Thursday 7 May
Doors: 7.30pm Film: 8pm
By the Grace of God (15)
Alexandre, a bastion of the French Catholic bourgeoisie and fervent church-goer, learns that Father Preynat, the priest who abused him when he was a Boy Scout, is still working with children.
He decides to take action and is soon to be joined by two other victims of the priest, in a search for justice.
That brilliantly impish provocateur, François Ozon, shows he can handle a deeply serious story with dignity and gravitas. Patient in its approach and stirring in its conviction, By the Grace of God draws soberly gripping cinema from real-life horror.
The Daily Telegraph
It speaks to the range of France's never-predictable François Ozon that he can follow up the kinkiest, silliest film he's ever made – 2017’s crazed erotic thriller L’Amant double – with his most gut-wrenchingly serious. By the Grace of God is a scalding docudrama on a subject that has blazed its way with particular ferocity across the French media of late: the cover-up of child sex abuse by the Catholic Church.
Ozon is better known as an impish provocateur jumping across genres and styles, with big stars such as Catherine Deneuve in tow – from the murder-mystery pastiche of 8 Women (2002) to the trophy-wife comedy of Potiche (2011). If there were ever any doubt that he was the man for this job, the career-topping urgency of his filmmaking sweeps it away inch by inch, sequence by methodical sequence. Without ever seeming unconsidered, it has a burning momentum that makes your heart pound.
The film is a dramatisation of the real story of one priest, the now elderly Father Bernard Preynat (Bernard Verley), who abused dozens – maybe hundreds – of boys in Lyon. The first victim we meet is a family man called Alexandre (the superb Melvil Poupaud, an Ozon regular), who has buried his memories of being serially assaulted until deep into adulthood, and managed to raise five children unquestioningly into the Roman Catholic faith.
He is driven, like many others, by seeing Père Preynat still at large – still teaching catechism to young boys, despite the warning flags that both Preynat himself, a self-confessed paedophile, and several families have waved at higher-ups over the years. (Preynat had told his superiors in the Church as well as parents that he “had a problem with children”.)
Alexandre contacts the Archdiocese in writing, wanting to be heard, and earns an interview with Preynat, mediated by a well-meaning Church psychologist (Martine Erhel). Horrifyingly, this takes the form of a roles-reversed confessional – with all the facts admitted, but nothing recorded, no repentance asked for, and certainly none gained.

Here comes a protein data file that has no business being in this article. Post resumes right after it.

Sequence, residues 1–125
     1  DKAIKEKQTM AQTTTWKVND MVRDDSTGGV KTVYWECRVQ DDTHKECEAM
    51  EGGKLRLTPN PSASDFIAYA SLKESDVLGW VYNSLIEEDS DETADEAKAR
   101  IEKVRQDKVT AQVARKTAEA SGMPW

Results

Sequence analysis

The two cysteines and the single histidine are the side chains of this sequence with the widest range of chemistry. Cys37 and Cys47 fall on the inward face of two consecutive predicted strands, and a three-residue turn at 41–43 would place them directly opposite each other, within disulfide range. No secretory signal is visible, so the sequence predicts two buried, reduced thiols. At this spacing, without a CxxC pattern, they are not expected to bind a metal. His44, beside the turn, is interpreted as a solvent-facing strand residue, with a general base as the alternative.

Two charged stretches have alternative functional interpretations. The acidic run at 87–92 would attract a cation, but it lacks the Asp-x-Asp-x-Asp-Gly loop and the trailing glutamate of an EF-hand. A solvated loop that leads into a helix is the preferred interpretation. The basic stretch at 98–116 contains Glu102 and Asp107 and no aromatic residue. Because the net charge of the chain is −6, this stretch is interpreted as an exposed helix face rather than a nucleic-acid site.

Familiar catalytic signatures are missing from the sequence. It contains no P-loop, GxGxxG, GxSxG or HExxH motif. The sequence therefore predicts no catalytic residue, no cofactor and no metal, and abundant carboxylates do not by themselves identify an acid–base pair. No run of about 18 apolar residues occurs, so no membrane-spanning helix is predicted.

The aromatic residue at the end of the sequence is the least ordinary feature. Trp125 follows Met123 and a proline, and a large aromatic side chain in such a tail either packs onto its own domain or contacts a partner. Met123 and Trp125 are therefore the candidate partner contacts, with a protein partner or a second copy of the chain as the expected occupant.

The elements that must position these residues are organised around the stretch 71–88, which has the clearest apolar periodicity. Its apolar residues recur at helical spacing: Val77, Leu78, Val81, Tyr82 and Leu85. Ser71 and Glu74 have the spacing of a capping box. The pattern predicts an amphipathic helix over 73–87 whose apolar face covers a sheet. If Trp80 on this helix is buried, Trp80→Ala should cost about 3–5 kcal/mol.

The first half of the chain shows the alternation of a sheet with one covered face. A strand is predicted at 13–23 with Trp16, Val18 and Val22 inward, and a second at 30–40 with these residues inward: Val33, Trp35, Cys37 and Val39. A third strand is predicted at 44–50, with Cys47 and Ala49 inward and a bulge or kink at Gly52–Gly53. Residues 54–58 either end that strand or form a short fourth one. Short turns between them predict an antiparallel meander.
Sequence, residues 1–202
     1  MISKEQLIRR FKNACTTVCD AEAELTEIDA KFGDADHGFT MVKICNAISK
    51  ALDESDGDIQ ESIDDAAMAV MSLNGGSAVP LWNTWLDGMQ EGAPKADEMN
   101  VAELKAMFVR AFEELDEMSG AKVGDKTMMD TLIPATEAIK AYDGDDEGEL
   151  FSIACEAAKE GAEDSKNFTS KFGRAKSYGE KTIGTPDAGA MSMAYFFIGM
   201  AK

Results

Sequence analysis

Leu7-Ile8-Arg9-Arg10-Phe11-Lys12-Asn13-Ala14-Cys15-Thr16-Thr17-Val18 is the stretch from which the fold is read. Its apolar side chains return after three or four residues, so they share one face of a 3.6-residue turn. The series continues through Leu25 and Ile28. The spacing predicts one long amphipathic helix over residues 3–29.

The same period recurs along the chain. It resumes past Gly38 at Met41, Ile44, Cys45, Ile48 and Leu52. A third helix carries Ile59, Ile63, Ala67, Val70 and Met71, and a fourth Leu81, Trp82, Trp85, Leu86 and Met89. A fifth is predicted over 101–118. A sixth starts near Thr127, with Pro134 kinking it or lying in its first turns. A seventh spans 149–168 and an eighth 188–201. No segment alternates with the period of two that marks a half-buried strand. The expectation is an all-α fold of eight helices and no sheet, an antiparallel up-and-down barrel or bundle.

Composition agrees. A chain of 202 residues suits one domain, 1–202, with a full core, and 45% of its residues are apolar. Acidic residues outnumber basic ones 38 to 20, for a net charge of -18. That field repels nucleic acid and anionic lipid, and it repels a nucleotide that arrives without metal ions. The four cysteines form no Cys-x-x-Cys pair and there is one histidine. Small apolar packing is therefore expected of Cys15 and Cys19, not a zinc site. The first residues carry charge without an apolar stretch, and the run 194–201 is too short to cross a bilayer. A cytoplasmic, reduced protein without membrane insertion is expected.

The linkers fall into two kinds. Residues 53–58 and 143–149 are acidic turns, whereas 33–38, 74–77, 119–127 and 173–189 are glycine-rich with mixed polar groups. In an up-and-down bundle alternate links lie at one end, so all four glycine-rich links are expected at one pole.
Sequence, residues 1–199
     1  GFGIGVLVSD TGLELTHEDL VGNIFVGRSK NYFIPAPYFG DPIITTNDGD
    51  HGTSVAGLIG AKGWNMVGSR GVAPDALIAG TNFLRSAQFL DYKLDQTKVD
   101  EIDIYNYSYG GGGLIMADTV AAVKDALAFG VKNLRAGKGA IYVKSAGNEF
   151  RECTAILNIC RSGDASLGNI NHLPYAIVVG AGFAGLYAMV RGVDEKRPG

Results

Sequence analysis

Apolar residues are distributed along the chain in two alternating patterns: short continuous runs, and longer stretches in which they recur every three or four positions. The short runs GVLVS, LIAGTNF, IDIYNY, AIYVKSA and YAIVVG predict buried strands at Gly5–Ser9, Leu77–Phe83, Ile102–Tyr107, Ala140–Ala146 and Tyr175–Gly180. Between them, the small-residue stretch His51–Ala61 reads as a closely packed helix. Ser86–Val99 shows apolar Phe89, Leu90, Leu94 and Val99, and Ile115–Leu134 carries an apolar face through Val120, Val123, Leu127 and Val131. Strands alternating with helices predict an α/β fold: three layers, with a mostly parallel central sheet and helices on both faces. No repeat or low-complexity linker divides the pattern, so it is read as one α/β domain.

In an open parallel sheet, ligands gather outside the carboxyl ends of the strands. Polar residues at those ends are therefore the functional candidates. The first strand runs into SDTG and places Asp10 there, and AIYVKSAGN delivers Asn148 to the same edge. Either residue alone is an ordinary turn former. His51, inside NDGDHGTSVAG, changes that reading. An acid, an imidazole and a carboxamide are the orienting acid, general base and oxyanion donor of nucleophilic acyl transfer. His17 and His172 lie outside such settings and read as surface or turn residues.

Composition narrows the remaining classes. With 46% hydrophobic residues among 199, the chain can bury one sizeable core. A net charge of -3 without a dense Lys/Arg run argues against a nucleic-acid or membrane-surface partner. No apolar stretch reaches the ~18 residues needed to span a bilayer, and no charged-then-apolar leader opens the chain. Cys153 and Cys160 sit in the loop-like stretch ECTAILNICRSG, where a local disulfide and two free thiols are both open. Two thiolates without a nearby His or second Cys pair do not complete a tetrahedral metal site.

In stepping up his case when Church authorities stall, Alexandre is hobbled by the statute of limitations on criminal offences. Until French legal reforms as recently as 2017, this was a mere 20 years. How quickly were these boys, some eight or nine when they were raped, meant to set aside their terrified shame and come forward?
Alexandre’s own parents are portrayed as barely taking him seriously when he raised the issue at 17, and then decades later accuse him of muck-raking – as does the father of the profoundly traumatised Emmanuel (a riveting Swann Arlaud). Or they’re accused of craven attention-seeking, as François (Denis Menochet) is by his bitter older brother.
More recent victims such as François do, however, have a chance of bringing the priest to justice. The real Preynat tried to block the film's February release in France, has since been defrocked by the Church’s ecclesiastical court, and now awaits a criminal trial. Lyon’s archbishop, Cardinal Philippe Barbarin (François Marthouret), has also offered his entirely appropriate resignation, although it has been rejected by the Pope.
The film has caused needed shockwaves, in other words, without being anyone's idea of a campaigning screed. These men meet hostility from staunch Catholics, many within their families, but the point is trenchantly made that their grass-roots activism isn’t against the Church but ultimately for it. Who would worship within an institution that merely wrings its hands, sweeping paedophilia under the carpet?
Ozon knits these complex, overlapping narratives into an enthralling tapestry of testimony, set to an organ-driven score by Evgueni and Sacha Galperine (Loveless) that gathers it up as a litany – something vital and long-awaited. For a relatively lengthy film, the pace is fast, focused, unrelenting.
Boldest of all, he doesn’t push some idea of major solidarity among the victims, but probes beneath with brilliant subtlety at rifts and contradictions within the movement. It’s hard to imagine ever righting wrongs on this horrific scale, but in the face of such a jaw-dropping willful blindness, there's something desperately human about the fight to be seen.
Director: François Ozon
Writer: François Ozon
Cinematographer: Manuel Dacosse
Starring: Melvil Poupaud, Denis Ménochet, Swann Arlaud
Running time: 130 mins
Rotten Tomatoes - 96%
The Observer - ★★★★
Evening Standard - ★★★★
The Independent - ★★★★
The Financial Times - ★★★★
Little White Lies - ★★★★